AT this time of year, no-nonsense TV gardener Christine Walkden’s dining room table looks like a potting shed paradise, disappearing under a sea of seed trays, plant pots and other bits and pieces to encourage young
plants into growth. Some of the space will be taken up with the summer veg she’ll be growing this year including tomatoes, runner beans and sweetcorn, her three favourites.
“Runner beans are easy if you don’t start them off too early,” says Walkden, author of No-nonsense Vegetable Gardening. “People tend to sow them too early and then they get hit by the frost and the cold weather. I always sow mine, at the earliest, the first week in April under protection. Outside, they can still go in in May or June and you’ll have a crop by August.”
Runner beans need a sunny, well-drained spot which shouldn’t be overly manured or you’ll encourage a lot of leaf rather than fruits, she notes. “Either put them up tripods or beanpoles or train them along chicken wire. In a small garden you can grow them in containers. If you put a few plants in a 12-inch container you’ll get a decent crop. Use John Innes No 2 or a good quality multi-purpose compost.”
Walkden, whose favourite varieties include ‘Red Rum’, doesn’t feed her runner beans in the ground at all but she does add a lot of organic matter each year. However, growing them in pots you need to feed them weekly with a tomato fertiliser. It’s rich in potash which promotes flowers or fruit.
She grows sweet peas with them, to encourage pollinating insects to the plants, prompting a better crop. “Don’t overwater them while they are growing, but water them once they start flowering and continue while you’re harvesting,” she advises. “People who overwater them early on will get lots of foliage but few flowers.”
Sweetcorn is another of her favourite summer veg. “I love the flavour of sweetcorn, roasted or steamed or barbecued straight off the plant. There’s nothing like it. If you’ve had shop-bought sweetcorn and then grow your own, you won’t know it’s the same veg.”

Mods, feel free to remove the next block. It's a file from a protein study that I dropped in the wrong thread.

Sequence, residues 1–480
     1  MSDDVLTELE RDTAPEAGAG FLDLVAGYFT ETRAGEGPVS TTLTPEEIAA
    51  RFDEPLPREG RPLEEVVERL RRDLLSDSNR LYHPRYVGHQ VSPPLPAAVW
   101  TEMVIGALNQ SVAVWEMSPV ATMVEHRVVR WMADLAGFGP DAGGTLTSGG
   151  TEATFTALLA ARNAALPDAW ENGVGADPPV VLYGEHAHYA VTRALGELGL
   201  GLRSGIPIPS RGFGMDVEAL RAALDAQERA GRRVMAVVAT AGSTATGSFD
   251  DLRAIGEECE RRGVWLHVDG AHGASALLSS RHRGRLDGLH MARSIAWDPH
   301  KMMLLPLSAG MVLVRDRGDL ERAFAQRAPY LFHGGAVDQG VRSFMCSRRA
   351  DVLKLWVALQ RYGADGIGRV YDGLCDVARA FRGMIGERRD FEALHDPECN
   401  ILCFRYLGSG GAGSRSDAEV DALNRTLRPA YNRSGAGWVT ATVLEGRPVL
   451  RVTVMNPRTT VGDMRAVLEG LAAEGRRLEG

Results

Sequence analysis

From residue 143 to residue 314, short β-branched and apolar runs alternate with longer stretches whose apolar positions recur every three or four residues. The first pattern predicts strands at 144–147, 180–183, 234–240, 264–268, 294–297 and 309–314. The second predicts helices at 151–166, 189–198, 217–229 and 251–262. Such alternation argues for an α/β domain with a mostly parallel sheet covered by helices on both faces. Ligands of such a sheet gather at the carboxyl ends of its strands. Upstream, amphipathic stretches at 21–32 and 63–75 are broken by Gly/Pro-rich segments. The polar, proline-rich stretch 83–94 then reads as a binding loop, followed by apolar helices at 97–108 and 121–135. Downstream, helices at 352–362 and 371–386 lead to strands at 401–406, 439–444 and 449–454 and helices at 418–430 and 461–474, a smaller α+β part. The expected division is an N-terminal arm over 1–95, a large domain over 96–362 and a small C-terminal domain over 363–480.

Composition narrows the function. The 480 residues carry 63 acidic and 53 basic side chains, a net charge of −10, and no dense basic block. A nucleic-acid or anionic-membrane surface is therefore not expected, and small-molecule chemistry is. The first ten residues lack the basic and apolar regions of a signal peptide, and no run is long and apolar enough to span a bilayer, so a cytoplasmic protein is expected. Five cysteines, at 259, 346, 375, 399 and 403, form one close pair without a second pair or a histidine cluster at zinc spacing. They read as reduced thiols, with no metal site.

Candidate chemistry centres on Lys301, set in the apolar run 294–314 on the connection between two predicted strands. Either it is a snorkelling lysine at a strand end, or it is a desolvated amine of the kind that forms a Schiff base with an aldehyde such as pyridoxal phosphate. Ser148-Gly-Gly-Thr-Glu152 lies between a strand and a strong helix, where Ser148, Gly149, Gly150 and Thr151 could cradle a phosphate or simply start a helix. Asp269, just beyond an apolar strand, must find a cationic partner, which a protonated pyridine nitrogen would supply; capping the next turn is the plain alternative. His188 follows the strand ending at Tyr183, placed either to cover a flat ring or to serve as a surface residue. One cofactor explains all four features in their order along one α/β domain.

Sweetcorn shouldn’t be sown before early April under protection, or late May outside. Don’t let them become too wet if they’ve been sown under protection. “I always put my pumpkins and squashes underneath them to save space and both do well together. Again, I use John Innes No 2.” Keep the plants weeded, water them regularly once the cobs have started to form and they will be ripe when the tassels at the top of the cob start to go brown. Sow in late April or May and you should be able to harvest in late July or August.
Tomatoes provide a real taste of summer and Walkden only grows one variety, ‘Sungold’, a cordon type producing orange-coloured cherry tomatoes. “I’ve tried lots of other varieties such as ‘Tumbler’ and ‘Brandywine’ but they don’t taste of anything.”
She doesn’t have a greenhouse but sows her tomatoes from seed in plastic pots on the dining room table, transplants them into individual pots in multi-purpose compost when they’re an inch high and then around a month later she puts them into a cold frame to harden them off, planting them out in late May or early June. By the end of May or beginning of June, Walkden should be able to see her dining room table again - as her plants begin to flourish outside.
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